“It’s all about a general notion of hope,” Wilson says. “You know, all these people waving off there, and hopefully something will rise up above the horizon and make everything right. But I have this fear that they’ll all be waving their handkerchiefs not at the lake but at my airplane flying toward England.”

Wilson’s taught performance at the School of the Art Institute for the last two years. His H-1 temporary work visa, which expires May 30, allows him to work as a part-time professor. When Columbia College offered him a similar position last year, he had to reapply. “With an H-1 you can work for that employer at that salary with that job title,” Holland explains. “If you have any “material change’ in your employment, you have to start again, or at least modify your old petition.”

In November Columbia College submitted paperwork to the INS in support of Wilson’s request for a new H-1. The subsequent government shutdowns gummed up the process, and in early March Wilson received a gloomy form letter. “The documentation submitted is not sufficient to warrant favorable consideration of your petition/application,” it begins. The INS isn’t convinced that he’s been offered a bona fide professional position–teaching performance art to undergraduates–or that he would be adequately qualified to fulfill it if they had considered it legitimate. But the real problem may lie in the federal government’s reluctance to acknowledge artists as “professionals.”

“An H-1 visa is for people in a profession,” Holland explains. “Traditionally that has meant lawyers, doctors, architects, scientists. Business people weren’t even considered professionals until about ten years ago.”

Since then immigrant-rights advocates have successfully argued that a “specialized area of knowledge” is the equivalent of a profession. A foreign consultant, for example, may not have a demonstrable “profession” but might possess a great degree of knowledge highly valued by an American corporation. The change has come about in part because of the demands of the burgeoning high-tech industries–computer geeks aren’t considered professionals–and from the reality of corporate downsizing, with its need for temporary workers with diverse skills.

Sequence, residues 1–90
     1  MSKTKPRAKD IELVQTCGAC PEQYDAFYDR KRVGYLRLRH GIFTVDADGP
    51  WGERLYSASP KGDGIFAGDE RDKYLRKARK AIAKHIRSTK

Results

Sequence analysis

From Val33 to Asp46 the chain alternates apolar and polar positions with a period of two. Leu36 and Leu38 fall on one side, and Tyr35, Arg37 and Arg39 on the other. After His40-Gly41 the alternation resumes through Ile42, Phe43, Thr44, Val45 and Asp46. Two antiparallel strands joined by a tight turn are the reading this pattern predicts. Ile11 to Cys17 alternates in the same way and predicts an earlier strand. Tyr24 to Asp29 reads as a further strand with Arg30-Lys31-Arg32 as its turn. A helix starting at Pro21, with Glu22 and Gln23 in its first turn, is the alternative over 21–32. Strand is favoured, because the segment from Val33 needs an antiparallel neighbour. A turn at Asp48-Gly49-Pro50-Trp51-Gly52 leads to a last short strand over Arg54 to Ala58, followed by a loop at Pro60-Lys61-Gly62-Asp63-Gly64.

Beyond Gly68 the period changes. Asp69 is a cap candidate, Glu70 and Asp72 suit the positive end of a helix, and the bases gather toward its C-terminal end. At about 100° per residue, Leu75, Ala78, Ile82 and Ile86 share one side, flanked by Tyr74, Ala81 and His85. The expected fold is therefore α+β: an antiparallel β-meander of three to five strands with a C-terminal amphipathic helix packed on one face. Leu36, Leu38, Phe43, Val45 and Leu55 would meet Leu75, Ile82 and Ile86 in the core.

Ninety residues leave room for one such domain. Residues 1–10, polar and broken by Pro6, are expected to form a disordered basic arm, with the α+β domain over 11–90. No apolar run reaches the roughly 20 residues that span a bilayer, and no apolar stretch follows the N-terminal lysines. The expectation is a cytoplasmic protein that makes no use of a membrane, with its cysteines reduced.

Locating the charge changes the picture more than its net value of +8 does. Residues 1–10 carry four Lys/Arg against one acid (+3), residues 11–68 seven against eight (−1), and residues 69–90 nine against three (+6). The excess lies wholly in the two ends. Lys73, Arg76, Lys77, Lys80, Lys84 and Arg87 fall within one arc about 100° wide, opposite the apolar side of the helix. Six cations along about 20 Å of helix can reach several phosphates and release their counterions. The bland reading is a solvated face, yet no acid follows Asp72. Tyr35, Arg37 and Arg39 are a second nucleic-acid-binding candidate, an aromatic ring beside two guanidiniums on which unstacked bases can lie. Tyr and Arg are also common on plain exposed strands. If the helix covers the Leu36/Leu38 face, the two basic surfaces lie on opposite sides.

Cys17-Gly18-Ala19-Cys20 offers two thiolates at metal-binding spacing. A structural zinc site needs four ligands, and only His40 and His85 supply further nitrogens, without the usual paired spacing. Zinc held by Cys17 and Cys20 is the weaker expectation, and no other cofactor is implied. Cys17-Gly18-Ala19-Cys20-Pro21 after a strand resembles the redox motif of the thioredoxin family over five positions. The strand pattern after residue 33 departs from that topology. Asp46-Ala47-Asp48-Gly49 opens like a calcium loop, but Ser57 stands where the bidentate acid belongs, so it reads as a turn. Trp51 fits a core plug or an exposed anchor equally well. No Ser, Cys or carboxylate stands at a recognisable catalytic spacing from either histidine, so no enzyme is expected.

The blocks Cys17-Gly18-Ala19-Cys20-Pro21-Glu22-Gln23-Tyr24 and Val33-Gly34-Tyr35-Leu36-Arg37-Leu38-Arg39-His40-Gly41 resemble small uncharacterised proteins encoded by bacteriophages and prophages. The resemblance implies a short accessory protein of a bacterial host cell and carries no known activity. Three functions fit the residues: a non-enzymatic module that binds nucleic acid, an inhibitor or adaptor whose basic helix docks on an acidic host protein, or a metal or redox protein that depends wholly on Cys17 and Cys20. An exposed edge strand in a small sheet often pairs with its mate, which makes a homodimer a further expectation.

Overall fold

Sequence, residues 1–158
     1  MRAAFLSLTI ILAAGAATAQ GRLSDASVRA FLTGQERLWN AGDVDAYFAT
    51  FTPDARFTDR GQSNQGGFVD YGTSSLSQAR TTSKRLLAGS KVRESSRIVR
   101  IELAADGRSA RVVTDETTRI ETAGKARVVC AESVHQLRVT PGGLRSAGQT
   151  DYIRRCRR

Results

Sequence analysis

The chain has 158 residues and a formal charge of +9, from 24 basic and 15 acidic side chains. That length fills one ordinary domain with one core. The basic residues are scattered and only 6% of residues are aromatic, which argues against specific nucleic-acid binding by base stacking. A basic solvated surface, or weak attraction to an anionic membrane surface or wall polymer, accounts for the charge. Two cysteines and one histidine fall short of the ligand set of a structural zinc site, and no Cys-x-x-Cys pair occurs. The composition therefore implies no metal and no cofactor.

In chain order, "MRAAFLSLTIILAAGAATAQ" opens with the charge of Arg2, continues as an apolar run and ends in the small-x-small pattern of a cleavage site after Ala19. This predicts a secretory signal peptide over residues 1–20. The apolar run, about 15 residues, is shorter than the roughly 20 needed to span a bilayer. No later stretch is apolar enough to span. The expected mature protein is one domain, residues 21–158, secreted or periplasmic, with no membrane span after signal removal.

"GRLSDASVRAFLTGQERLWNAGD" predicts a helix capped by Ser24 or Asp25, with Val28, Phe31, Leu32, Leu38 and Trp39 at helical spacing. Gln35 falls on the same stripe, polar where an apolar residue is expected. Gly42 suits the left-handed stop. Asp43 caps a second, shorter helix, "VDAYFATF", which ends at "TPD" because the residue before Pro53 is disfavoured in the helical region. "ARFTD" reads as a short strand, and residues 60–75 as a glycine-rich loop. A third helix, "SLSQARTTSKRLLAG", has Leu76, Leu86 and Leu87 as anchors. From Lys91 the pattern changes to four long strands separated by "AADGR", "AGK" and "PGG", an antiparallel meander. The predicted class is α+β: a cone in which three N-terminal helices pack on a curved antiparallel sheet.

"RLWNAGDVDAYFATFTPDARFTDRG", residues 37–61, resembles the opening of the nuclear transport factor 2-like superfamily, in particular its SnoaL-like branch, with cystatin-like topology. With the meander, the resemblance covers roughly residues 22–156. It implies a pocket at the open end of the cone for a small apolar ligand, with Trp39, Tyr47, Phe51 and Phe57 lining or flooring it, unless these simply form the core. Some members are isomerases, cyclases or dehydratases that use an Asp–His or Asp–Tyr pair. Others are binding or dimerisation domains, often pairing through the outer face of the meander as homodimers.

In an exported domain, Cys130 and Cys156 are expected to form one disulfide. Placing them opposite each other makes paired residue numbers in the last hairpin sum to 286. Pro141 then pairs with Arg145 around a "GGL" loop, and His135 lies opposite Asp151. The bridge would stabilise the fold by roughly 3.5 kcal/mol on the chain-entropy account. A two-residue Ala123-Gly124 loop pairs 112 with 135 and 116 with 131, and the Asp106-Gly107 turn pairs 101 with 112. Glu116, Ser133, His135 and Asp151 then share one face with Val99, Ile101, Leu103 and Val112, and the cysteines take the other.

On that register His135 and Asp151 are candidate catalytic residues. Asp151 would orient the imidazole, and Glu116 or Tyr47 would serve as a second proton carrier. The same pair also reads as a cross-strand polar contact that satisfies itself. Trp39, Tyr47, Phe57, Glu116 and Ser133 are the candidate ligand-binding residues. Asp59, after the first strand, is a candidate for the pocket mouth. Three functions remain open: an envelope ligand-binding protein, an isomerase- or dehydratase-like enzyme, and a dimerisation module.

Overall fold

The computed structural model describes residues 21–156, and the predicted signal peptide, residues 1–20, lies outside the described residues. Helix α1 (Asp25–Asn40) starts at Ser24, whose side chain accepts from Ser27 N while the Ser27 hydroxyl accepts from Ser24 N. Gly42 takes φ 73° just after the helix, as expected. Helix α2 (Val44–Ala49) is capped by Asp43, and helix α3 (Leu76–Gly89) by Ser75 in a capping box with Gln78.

Despite the recent liberalization of the regulations, it’s an uphill battle to convince the bureaucrats in Nebraska that an artist who sat in a public plaza with 90 potatoes for an hour and a half has any specialized (not to mention useful) knowledge, let alone has his head on straight. Holland knows her window of opportunity is a narrow one. “I take the position that the bureaucrat has about 12 minutes to look at each case. I like to give the paperwork to my favorite 15-year-old to review before sending it off. If I’ve overstated my case and it takes him longer than 12 minutes to read, Matt’s lost.”

In Holland’s eyes, a more insidious problem is our culture’s historical distrust of things artistic. “In this country there is not a love for creativity,” she says. “We’re a young nation. We had an entire country to build. And we value those things that got it built. An artist has to prove his worth in dollars. Our immigration laws have always followed supply and demand, and artists don’t fit into that mold.”

Especially an artist like Wilson, who can’t charge admission for his public performances, and wouldn’t if he could. “The thing about work that attempts to generate revenue is that it has this effect on people’s expectations that I don’t want to be involved with,” Wilson says. If, for example, we pay ten dollars to see a performance, we know the value of that ten dollars in a “cold, calculated way.” That money could have paid for a movie and popcorn, a paperback book, or a really good burrito. And what performance artist could win against a really good burrito? “I don’t want people expecting to get something in exchange for anything–except in exchange for the energy they’re willing to put into the piece.”

In essence, one must be a participant, rather than a consumer, to understand or even enjoy Wilson’s work. As at a sporting event, Wilson wants the experience to belong to everyone living through it, not just the specialists on the field. “The way I look at it is this,” Wilson says. “I’ll give you something, you give me something, and then together maybe we’ll find something.” What Wilson gives is the potential for art, lying under a public statue waiting for something to happen, trusting that fate will add resonance to the work. Usually fate obliges–with the death of an ex-president, for example, or, in the case of Under the Indians, with a more lighthearted dose of absurdity.

“In the middle of the performance an unmarked police car came sweeping up onto the sidewalk,” Wilson recalls. “The officer demanded that someone get him a ladder. I don’t know where the ladder came from but one appeared. They climbed up, looked around, and said, “Have you got a bomb?’ We said no. And they drove away.”

Of course, the feds aren’t necessarily interested in people who have meaningful experiences on the sidewalk, Wilson readily acknowledges. “The only way I can work my way back to a supply-and-demand situation is to say, OK, I’ve taught a half dozen classes over the past two and a half years at a school that is considered to be top-notch. And a lot of those students have continued on to make performances, but of course they’re making things that are considered to be not particularly beneficial or valuable. But those students are paying money to a business, which is the school, and the school is using me as a worker to get that money into it. But if I hadn’t made all that valueless, unbeneficial art, perhaps because nobody could come up with an absolute, ironclad reason why it should exist, then I wouldn’t have gotten that teaching job and therefore I wouldn’t be a worker in that business. But that’s a hell of a stretch.”